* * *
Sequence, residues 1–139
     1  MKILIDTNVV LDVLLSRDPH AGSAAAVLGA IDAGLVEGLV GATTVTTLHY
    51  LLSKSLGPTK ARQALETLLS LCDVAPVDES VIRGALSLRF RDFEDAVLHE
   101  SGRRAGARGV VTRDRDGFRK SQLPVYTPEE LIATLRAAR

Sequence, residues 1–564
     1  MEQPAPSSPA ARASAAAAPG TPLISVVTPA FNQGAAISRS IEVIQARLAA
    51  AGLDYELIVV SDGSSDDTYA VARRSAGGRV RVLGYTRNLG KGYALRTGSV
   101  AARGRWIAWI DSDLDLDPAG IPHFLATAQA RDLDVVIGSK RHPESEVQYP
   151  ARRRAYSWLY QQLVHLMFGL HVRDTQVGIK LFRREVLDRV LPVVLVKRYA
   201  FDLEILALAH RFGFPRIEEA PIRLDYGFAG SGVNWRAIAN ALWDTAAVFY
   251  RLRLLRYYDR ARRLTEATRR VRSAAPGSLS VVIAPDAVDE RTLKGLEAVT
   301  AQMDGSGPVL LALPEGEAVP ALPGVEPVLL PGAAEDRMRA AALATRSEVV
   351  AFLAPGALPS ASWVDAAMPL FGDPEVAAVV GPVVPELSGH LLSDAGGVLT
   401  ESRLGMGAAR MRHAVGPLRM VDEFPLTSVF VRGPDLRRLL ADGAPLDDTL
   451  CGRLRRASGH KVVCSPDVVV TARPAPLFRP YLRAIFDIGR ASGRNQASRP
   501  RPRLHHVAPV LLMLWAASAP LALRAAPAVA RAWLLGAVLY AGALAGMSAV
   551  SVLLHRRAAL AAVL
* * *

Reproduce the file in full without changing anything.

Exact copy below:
Sequence, residues 1–139
     1  MKILIDTNVV LDVLLSRDPH AGSAAAVLGA IDAGLVEGLV GATTVTTLHY
    51  LLSKSLGPTK ARQALETLLS LCDVAPVDES VIRGALSLRF RDFEDAVLHE
   101  SGRRAGARGV VTRDRDGFRK SQLPVYTPEE LIATLRAAR

Sequence, residues 1–564
     1  MEQPAPSSPA ARASAAAAPG TPLISVVTPA FNQGAAISRS IEVIQARLAA
    51  AGLDYELIVV SDGSSDDTYA VARRSAGGRV RVLGYTRNLG KGYALRTGSV
   101  AARGRWIAWI DSDLDLDPAG IPHFLATAQA RDLDVVIGSK RHPESEVQYP
   151  ARRRAYSWLY QQLVHLMFGL HVRDTQVGIK LFRREVLDRV LPVVLVKRYA
   201  FDLEILALAH RFGFPRIEEA PIRLDYGFAG SGVNWRAIAN ALWDTAAVFY
   251  RLRLLRYYDR ARRLTEATRR VRSAAPGSLS VVIAPDAVDE RTLKGLEAVT
   301  AQMDGSGPVL LALPEGEAVP ALPGVEPVLL PGAAEDRMRA AALATRSEVV
   351  AFLAPGALPS ASWVDAAMPL FGDPEVAAVV GPVVPELSGH LLSDAGGVLT
   401  ESRLGMGAAR MRHAVGPLRM VDEFPLTSVF VRGPDLRRLL ADGAPLDDTL
   451  CGRLRRASGH KVVCSPDVVV TARPAPLFRP YLRAIFDIGR ASGRNQASRP
   501  RPRLHHVAPV LLMLWAASAP LALRAAPAVA RAWLLGAVLY AGALAGMSAV
   551  SVLLHRRAAL AAVL